The union representing Calais Regional Hospital staffers has canceled a strike after reaching a tentative agreement with the hospital on a labor contract. The two sides had been unable to settle on a new contract to replace one that expired in the fall of 2018.
As part of an ongoing labor dispute, the union had also recently called for the hospital’s CEO to be fired and raised concerns about what staffers said has been a poor response to a recent coronavirus outbreak among hospital employees.
The Maine State Nurses Association has about 50 members at the Calais hospital, including registered nurses, medical laboratory scientists, laboratory technologists and radiology technologists.
Both sides reached a consensus on Tuesday on the final two points they had been unable to agree on: health insurance and paid time off. The agreement is for two years, according to the hospital.
In a statement released Wednesday morning, the hospital said both sides had made concessions, but didn’t elaborate on the agreement’s specifics. The union claimed victory in negotiating the contract covering registered nurses and medical laboratory scientists, saying the new contract includes pay increases and protects workers’ core benefits.
Union members had said the hospital was trying to increase their health insurance deductibles and out-of-pocket expenses, which would make it harder to keep or recruit workers, while they have asked to roll over the terms of their last contract. The hospital had said it was offering union members the same paid time off and health insurance arrangements as other hospital employees, including administrators.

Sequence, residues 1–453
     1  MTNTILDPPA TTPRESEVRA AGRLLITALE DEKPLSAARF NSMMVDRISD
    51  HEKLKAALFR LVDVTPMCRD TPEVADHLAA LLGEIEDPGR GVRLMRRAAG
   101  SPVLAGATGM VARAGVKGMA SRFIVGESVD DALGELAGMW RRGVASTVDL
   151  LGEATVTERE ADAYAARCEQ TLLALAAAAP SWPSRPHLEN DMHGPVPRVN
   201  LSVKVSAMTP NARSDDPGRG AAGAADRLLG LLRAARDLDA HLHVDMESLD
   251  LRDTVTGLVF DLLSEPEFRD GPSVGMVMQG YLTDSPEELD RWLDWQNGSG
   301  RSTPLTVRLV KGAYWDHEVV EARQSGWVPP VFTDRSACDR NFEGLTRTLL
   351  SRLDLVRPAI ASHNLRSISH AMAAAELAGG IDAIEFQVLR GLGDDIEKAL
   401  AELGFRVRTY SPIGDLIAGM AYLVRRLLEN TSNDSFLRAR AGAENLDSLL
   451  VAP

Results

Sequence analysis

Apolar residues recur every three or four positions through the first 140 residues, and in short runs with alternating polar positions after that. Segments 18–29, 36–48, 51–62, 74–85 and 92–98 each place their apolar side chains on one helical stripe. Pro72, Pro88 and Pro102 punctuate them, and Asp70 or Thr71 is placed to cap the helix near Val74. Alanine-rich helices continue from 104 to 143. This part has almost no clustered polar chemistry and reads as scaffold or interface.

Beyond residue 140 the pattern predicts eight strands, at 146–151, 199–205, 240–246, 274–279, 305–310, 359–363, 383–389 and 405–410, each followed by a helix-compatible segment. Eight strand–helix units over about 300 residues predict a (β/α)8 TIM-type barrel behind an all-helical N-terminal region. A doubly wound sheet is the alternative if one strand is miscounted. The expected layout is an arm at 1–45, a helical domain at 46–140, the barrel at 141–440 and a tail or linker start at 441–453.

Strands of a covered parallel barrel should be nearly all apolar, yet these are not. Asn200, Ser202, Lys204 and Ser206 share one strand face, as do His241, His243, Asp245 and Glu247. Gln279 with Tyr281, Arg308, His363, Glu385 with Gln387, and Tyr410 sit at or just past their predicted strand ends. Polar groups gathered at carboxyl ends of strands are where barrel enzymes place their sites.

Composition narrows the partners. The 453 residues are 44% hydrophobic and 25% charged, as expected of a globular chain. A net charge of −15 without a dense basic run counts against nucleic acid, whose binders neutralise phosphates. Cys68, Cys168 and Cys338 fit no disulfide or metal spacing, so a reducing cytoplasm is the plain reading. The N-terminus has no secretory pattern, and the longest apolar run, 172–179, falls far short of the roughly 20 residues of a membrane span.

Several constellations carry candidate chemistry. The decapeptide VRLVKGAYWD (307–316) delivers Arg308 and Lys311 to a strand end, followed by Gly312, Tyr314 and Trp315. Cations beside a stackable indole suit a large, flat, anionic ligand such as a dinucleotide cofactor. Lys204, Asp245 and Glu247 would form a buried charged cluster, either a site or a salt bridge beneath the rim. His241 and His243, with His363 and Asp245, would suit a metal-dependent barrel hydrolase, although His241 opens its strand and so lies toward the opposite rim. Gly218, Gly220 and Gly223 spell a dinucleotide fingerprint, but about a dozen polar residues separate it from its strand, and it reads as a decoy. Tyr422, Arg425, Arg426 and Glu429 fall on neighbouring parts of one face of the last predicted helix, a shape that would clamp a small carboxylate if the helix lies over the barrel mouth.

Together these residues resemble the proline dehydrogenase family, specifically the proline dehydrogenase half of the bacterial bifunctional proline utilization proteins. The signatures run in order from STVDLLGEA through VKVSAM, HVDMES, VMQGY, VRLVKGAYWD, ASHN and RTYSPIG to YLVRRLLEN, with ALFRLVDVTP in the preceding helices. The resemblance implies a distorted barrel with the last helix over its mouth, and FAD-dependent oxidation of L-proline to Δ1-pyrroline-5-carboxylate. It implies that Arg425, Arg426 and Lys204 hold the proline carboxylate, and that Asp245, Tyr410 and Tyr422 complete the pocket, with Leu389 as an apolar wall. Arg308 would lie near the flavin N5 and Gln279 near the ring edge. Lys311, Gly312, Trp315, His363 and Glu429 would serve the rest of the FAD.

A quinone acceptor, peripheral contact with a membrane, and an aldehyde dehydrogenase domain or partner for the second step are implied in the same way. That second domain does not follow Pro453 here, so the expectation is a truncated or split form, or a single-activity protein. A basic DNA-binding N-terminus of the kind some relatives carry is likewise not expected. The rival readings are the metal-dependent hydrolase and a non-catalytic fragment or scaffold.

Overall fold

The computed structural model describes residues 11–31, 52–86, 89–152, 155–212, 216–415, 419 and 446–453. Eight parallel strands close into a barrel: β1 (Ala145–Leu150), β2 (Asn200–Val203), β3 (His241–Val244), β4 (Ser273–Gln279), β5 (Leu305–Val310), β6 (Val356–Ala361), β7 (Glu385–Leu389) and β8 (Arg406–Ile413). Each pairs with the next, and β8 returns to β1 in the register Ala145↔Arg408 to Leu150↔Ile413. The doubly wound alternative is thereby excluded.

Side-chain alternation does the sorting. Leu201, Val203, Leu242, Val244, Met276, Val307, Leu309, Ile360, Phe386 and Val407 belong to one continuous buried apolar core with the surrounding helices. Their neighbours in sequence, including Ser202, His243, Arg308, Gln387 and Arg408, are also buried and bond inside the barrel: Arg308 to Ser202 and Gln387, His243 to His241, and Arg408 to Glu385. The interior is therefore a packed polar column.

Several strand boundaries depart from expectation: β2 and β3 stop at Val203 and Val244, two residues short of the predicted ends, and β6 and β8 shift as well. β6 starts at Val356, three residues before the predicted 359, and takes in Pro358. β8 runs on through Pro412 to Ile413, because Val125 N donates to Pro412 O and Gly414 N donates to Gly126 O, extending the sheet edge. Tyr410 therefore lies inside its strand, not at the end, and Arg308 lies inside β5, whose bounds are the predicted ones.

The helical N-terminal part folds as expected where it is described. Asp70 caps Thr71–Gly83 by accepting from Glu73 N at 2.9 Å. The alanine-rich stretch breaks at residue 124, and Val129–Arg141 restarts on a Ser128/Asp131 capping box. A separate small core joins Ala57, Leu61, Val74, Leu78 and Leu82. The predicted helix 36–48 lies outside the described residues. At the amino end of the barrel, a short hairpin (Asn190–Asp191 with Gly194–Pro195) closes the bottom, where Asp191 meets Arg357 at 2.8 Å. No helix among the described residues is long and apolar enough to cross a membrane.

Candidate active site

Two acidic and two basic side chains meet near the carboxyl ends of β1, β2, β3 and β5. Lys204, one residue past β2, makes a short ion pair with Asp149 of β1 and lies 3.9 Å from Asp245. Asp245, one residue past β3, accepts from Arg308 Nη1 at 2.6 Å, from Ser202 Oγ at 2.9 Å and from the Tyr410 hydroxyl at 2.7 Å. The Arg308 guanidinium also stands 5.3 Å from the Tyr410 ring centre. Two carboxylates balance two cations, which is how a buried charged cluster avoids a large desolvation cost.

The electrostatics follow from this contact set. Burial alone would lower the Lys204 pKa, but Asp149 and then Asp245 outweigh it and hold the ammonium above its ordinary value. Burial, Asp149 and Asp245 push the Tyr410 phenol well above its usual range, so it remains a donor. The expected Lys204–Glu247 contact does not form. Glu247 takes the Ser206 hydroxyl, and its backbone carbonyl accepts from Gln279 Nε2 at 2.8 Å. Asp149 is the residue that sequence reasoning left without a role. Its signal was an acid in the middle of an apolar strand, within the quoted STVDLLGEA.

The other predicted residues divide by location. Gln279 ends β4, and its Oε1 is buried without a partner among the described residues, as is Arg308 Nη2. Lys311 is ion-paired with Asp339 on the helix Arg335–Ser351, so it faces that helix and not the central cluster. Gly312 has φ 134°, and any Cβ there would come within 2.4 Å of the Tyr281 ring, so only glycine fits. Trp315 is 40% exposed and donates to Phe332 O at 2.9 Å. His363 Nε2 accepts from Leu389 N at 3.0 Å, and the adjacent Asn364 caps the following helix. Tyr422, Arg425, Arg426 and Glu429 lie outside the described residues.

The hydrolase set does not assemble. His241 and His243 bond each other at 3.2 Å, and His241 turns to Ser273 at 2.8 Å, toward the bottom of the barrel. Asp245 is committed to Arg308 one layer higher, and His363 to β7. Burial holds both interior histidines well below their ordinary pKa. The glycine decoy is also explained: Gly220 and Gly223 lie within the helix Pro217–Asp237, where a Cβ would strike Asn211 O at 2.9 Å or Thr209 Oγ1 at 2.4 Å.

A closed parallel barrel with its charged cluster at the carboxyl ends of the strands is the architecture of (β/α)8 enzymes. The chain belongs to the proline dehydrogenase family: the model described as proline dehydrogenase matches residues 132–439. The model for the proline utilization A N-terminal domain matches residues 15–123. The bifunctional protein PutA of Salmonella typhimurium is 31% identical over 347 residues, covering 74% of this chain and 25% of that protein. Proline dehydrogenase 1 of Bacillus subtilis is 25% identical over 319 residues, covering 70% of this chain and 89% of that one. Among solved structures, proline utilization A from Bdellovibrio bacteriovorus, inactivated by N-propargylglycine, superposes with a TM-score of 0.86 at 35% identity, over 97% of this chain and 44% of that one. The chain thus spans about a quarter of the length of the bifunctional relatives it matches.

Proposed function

Union members were planning to strike on Wednesday and Thursday next week, Nov. 18 and 19. A ratification vote for the new agreement is now set for Monday, Nov. 16.
“I am pleased the negotiations have ended and look forward to continuing as a unified
team to care for our patients and community through the pandemic and beyond,” said
hospital CEO Rod Boula. “I appreciate the efforts of all in finding a solution we can all
Anne Sluzenski, a nurse and member of the union’s bargaining team, welcomed the end of a “hard fight.”
“We know our hospital is struggling, but we had to make sure that we protected conditions for the people who keep it running every day,” she said.
The union initially authorized a strike in 2019 as part of a stalled contract negotiation, but decided to hold off on striking after the hospital declared bankruptcy that September.
As its bankruptcy case continued, the hospital contended with serious cash shortfalls during the early days of the pandemic, when it had to postpone a number of nonessential services. At one point, it said it would lay off 10 percent of its staff and, without additional financial assistance, might have to close in the early summer.
Union members are happy “the hospital finally met us halfway,” said Shirley Richardson, a hospital nurse, who said the vote to strike was difficult.
“Our membership has been through a lot the past couple of years,” she said.
BDN writer Charles Eichacker contributed to this report.